That “something bigger” turned out to be the playoffs, which the Aces (21-13) entered as the No. 4 seed. Plum posted averages of 15.2 points and 7.8 assists in the Aces’ five postseason games. She made her first playoff start in Game 2 of Las Vegas’ semifinals series against the eventual champion Washington Mystics, posting a double-double with 19 points and 10 assists.

All the ups and downs Plum has endured in her professional career have provided her with a different perspective on life.

“The biggest life lesson that I’ve taken away in the last three years … is people’s opinions do not make up your value as a person,” she said. “I think I never really understood that until things didn’t go the way I wanted them to, because from high school to college, everything had kind of gone the way I wanted it to.”

“I kind of had to go through life and figure out what’s important. It takes a lot of failure and mistakes and humility to be able to see that I need a relationship with God.” — Kelsey Plum

Kelsey Plum

Las Vegas Aces guard Kelsey Plum (AP Photo/Nick Wass)


As Plum made the move from San Antonio to Las Vegas, one of her new teammates became Wilson, the 2018 consensus college player of the year whom the Aces took with the first overall pick in the 2018 draft.

A native of South Carolina, Wilson says she was “dang near” raised in the church. Her grandfather was a minister and Wilson’s family was heavily involved in the church he pastored.

“I don’t have that hardcore story where I had a tough life, had a tough childhood,” she said. “I was just kind of normal. I knew, and my parents really kind of made sure I understood, that this is a gift from God and I can’t take that for granted. Everything that I did, I looked at it not just as luck but as blessings.”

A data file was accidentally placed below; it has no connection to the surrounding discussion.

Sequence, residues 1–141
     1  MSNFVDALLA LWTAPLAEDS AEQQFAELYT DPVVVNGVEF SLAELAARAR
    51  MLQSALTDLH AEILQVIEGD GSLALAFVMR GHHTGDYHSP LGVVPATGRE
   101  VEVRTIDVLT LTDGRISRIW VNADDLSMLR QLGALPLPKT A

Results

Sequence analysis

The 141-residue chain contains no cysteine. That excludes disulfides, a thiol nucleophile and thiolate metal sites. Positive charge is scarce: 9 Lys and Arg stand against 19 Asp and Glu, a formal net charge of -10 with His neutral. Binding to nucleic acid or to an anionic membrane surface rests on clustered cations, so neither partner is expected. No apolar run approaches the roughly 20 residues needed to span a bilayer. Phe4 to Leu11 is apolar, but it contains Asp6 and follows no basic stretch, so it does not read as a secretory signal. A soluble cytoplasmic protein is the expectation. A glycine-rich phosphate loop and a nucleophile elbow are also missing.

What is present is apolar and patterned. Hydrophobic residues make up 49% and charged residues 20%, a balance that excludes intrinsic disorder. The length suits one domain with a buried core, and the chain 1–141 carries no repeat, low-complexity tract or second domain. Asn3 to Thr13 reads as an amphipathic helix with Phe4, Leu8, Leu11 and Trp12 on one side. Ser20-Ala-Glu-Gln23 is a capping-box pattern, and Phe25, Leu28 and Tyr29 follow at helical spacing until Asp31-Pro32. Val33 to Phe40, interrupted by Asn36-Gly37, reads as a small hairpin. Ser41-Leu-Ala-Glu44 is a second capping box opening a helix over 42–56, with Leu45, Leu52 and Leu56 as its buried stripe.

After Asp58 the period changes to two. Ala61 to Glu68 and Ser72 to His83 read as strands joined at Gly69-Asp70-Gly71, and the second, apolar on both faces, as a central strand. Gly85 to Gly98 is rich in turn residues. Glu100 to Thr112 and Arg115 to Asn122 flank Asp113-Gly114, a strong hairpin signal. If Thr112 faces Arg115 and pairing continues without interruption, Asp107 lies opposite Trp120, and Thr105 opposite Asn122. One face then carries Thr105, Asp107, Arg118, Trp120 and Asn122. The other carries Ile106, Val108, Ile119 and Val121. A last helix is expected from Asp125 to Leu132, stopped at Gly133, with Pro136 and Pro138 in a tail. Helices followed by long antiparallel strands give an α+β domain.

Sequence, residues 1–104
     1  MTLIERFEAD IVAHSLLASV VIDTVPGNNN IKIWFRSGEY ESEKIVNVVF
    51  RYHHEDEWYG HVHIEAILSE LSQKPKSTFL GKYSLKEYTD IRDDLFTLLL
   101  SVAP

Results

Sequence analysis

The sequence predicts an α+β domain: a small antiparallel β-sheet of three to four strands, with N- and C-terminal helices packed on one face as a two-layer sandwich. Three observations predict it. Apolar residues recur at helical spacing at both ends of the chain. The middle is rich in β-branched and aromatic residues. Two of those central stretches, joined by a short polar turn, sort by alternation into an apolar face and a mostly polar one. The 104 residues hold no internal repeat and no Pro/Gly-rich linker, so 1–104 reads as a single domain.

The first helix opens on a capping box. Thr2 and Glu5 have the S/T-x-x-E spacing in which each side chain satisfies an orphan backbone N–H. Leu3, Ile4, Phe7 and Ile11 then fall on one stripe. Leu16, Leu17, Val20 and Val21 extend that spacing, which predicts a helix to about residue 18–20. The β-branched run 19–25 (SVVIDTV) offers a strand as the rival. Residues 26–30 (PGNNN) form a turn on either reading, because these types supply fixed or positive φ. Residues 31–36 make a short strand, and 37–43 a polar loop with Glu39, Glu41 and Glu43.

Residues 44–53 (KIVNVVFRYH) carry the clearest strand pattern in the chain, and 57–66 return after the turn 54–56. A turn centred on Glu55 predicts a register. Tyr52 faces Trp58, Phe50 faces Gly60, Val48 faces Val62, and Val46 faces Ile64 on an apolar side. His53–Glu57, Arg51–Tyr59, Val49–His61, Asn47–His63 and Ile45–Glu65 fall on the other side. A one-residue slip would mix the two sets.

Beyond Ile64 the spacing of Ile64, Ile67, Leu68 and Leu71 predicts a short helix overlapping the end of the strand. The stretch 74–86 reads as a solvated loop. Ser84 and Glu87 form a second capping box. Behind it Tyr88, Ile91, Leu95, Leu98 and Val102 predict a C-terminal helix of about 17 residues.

When it came time to choose a college, Wilson decided to stay near home and play for coach Dawn Staley and the South Carolina Gamecocks. She made an immediate impact as a freshman, contributing 13.1 points on a team that reached
the Final Four.

The Gamecocks returned to the national semifinals her junior season, and Wilson recorded double-doubles in both Final Four games. She put up 23 points and 10 rebounds in the national championship game, which South Carolina won 67-55 over Mississippi State for its first national title in program history.

Two days before her college career came to a close the next season with a loss to UConn in the Elite Eight, Wilson wrote a piece for the Players’ Tribune. In it, she discussed being diagnosed with dyslexia as a sophomore in high school and the role her learning disability played in shaping her as a person.

“It was tough because I didn’t want people to think I had a weakness and I was a failure and things like that,” Wilson said. “At the end of the day, I really grew up when I released [the Players’ Tribune story] and I wouldn’t trade it for the world.”

When Wilson got to South Carolina, she started saying grace before team meals. That soon turned into reading Scripture out loud to the team in the locker room before games, which helped her become more confident reading and speaking in public.

“It really helped me get closer to my teammates and at the same time, it helped me just kind of become that leader, and then that’s when it turned into our chaplain giving me scriptures to read before pregame,” she said.

“The road’s not going to be easy and it’s not going to be glamorous. That’s what I have to continue to understand — that God is in control.” — A’ja Wilson

A'ja Wilson

Las Vegas Aces’ A’ja Wilson (AP Photo/John Locher)

Wilson started all 33 games for the Aces as a rookie and finished sixth in the WNBA in scoring at 20.7 points per game en route to winning Rookie of the Year. She followed that up with another All-Star selection and an average of 16.5 points per contest in 2019.

Wilson says prayer has played a crucial role throughout her life…

This story appears in the Winter 2019 issue of Sports Spectrum Magazine. To read the rest of it, and for more in-depth feature stories like it, subscribe to our quarterly magazine for only $18.